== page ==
Ur: a cautionary tale about economic collapse.
No, not “ur” as in text-message shorthand for “you are,” but Ur, the Sumerian city-state southeast of Baghdad that had its heyday in the 21st century—the 21st century before Christ, that is—and whose ruins betray the lingering folly of the world’s earliest economic system to have left detailed records.
“Ur is the origin of modern political economy and it failed because of the irrationality of its governing system,” says ancient-economics analyst Steven Garfinkle, professor of Sumerian history at Western Washington University in Bellingham, Washington. “Bad behavior contributed to Ur’s downfall.”
As the ancient historians tell it, Ur’s leaders wrote the first known playbook on how to fall off a fiscal cliff.
“Ur collapsed because the system could not be controlled,” says Wojciech Jaworski, a Sumerian financial archeologist with a PhD in computer science at the University of Warsaw Institute of Informatics. “Ur was bad management and corruption so rampant that individuals who produced goods lost all motivation to produce. That’s one lesson of ancient Ur and it resonates strongly today.”
The Polish professor spends his days using sophisticated software to probe the cryptic fiscal data Urian scribes some 4,000 years ago scratched on now fragile cuneiform tablets. The Sumerian Economic Corpus contains over 45,000 of these tablets out of around 100,000 that archaeologists have dug up from that period, detailing everything from workers’ salaries to travel diets.
To be sure, lists of sacrificial lambs transferred to high Urian officials in the month of sze-kin-ku5 are on nobody’s list of current economic indicators. The Bible gives Babylon all the buzz. Ur has a name-recognition problem. But Jaworski and his colleagues are out to change that. He says the statistics compiled inside the ziggurat have a mighty depressing tale to tell.
Ur’s ruling class ignored the significant climate and environmental disruptions that advanced the kingdom’s disintegration. The tablets chronicle droughts, changing river patterns and a recognizably massive build up of silt that barred ships from accessing the Persian Gulf.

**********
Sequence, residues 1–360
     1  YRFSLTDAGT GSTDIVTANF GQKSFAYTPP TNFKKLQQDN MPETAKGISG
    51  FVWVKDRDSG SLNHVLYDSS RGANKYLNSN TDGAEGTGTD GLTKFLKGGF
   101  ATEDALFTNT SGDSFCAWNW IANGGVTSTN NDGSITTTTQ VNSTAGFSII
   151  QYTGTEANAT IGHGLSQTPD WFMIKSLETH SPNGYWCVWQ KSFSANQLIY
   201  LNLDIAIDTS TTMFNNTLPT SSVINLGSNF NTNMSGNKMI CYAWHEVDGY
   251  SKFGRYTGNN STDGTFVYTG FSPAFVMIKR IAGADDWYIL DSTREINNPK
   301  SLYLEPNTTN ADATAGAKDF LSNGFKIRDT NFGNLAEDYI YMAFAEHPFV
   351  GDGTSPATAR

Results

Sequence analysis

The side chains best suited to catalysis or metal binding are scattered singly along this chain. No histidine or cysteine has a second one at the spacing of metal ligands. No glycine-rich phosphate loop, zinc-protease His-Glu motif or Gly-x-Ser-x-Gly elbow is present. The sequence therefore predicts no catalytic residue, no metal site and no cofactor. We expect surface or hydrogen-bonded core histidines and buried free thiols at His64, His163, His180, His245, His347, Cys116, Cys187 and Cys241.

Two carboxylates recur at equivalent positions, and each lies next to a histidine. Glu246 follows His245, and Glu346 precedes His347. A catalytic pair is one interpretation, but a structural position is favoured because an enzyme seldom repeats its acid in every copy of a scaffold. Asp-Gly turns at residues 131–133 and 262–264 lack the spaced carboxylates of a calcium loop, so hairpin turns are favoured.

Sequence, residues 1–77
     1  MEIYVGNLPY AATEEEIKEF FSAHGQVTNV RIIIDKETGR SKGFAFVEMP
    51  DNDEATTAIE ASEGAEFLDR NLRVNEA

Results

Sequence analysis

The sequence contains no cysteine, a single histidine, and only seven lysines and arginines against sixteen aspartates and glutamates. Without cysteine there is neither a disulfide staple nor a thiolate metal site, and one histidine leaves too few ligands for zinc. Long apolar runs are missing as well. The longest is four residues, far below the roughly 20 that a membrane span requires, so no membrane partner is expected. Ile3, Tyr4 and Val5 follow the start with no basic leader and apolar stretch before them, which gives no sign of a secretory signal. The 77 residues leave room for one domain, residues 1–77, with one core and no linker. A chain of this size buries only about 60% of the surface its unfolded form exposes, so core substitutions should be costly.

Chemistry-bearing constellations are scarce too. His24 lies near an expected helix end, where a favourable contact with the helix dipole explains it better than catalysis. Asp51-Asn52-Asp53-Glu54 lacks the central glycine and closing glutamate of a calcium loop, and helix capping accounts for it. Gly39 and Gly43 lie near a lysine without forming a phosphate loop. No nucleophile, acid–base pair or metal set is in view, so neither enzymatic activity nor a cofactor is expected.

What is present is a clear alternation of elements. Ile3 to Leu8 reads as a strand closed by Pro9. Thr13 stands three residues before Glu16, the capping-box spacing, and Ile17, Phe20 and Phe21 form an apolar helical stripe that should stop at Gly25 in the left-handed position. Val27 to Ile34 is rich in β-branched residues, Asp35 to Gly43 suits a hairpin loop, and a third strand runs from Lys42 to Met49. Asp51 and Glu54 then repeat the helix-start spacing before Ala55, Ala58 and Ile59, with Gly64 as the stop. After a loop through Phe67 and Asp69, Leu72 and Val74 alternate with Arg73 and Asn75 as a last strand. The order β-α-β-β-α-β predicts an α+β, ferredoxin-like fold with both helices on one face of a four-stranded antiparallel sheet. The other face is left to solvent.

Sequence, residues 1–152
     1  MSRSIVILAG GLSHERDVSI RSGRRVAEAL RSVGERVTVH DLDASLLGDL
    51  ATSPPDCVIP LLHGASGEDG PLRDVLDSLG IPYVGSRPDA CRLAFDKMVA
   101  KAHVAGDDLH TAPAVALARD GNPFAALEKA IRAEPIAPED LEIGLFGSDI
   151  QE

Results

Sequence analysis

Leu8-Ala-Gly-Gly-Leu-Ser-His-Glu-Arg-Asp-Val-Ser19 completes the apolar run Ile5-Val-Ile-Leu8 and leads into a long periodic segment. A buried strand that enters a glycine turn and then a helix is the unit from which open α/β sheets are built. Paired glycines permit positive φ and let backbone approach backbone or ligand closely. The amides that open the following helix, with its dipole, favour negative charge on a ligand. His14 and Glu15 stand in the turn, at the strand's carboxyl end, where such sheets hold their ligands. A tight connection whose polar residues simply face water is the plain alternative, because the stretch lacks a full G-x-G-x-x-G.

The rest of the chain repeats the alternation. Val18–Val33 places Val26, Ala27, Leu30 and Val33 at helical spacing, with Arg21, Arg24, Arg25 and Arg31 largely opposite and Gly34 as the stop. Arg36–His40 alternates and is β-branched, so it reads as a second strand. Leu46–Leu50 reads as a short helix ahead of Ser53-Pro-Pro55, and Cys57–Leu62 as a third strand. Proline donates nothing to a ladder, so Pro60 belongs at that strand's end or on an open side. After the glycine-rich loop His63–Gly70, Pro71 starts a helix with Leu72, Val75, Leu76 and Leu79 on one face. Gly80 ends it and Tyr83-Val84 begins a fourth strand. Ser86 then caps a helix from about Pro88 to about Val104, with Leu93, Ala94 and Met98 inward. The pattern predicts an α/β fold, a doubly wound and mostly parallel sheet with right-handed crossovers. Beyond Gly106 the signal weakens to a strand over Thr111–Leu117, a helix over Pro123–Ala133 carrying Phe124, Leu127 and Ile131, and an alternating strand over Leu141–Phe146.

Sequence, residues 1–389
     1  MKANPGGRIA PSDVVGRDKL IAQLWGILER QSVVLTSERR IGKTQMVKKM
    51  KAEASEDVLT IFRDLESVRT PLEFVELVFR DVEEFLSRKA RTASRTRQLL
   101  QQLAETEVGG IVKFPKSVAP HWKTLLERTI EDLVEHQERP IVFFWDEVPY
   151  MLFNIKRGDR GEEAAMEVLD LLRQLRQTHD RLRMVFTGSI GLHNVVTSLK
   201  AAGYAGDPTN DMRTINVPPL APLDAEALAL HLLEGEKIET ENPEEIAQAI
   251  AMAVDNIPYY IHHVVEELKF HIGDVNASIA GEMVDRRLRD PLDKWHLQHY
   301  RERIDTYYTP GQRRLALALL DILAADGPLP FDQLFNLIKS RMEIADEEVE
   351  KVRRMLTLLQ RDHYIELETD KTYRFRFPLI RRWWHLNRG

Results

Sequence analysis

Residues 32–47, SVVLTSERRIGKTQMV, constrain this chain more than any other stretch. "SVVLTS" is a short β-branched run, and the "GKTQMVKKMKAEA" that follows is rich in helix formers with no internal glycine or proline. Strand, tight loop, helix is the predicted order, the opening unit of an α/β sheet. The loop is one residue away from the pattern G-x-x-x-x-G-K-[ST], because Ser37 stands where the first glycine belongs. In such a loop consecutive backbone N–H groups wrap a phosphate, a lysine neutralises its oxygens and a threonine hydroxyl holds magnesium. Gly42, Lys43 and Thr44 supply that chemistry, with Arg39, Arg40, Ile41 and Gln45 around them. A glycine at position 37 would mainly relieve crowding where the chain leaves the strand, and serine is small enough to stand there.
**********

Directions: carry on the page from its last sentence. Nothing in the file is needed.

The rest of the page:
Daily life nonetheless continued on a purely materialistic course and, historians say, focused on earning the maximum amount of wealth and enjoying the highest degree of comfort and luxury. Although the citizens of Ur were a religious people with many gods, their prayers exclusively pleaded for prosperity and commercial success.
“Everyone was very suspicious of everyone else,” Jaworski says. “They would complain and frequently resorted to royal courts to get their way. Ur was the most centralized and perhaps litigious state the world has ever known.”
Ur’s economic and political chaos is more deeply probed in Garfinkle’s new book, Entrepreneurs and Enterprise in Early Mesopotamia. While the scholarly study isn’t beach reading, the professor’s stroll down this forgotten memory lane does provide a glimpse into a period of history when plutocrats were worshiped as priest kings and former US Vice President and Halliburton Chairman and CEO Dick Cheney would have worn a sheepskin skirt.
“Ur’s politicians and merchants were one and the same, exercising power simultaneously in different sectors,” Garfinkle says. “Cheney would not have stepped down from Halliburton or any of his corporate roles upon becoming vice president. The people of Ur would have found such resignations unfathomable.”
Insider trading was encouraged. “Entrepreneurs got ahead on the basis of their connections,” Garfinkle adds. “Think of Wal-Mart, Apple and Microsoft ruling the country as a combined family-controlled government business without shareholders. That’s how Ur was run.”
War was big business, a core sector underwritten mostly by sheep, agriculture and precious metal trading. “Fealty and the collection of tribute from military conquest created an elite caste accustomed to success,” Garfinkle says. “It’s naive to think that society at large profited from this.”
To some, this centrally-planned, nepotistic kleptocracy might sound like an object lesson more for the Soviet Union than for today’s capitalistic world. Yet David Owen, professor of Ancient Near Eastern Studies at Cornell University in Ithaca, New York, urges global leaders to pay attention in class. “Why did Ur fall apart?” Owen says. “Pressure from the outside, foreign immigration and a bureaucracy that became too stifling to handle it. The lesson of Ur is that nobody listens to lessons.”
Perhaps most apt as a warning to today’s statesmen who toy with taxes while pushing debt ceilings ever higher: what cemented Ur’s fall from plenty was that ultimately, the government ran out of money.
“Actually, they ran out of sheep,” Garfinkle says. “Sheep and urban real estate were Ur’s principal fixed assets. The elite became too addicted to booty. All loans were guaranteed by oaths in the name of the king because it was the king—the government—who ultimately paid off all outstanding loans.”
And if ancient Ur is indeed a harbinger of a future political economic cataclysm, Garfinkle warns that folks employed during the apocalypse should not even think about taking the day off. “Managers—and fishermen—who failed to appear were hunted down and thrown in work camps,” he says.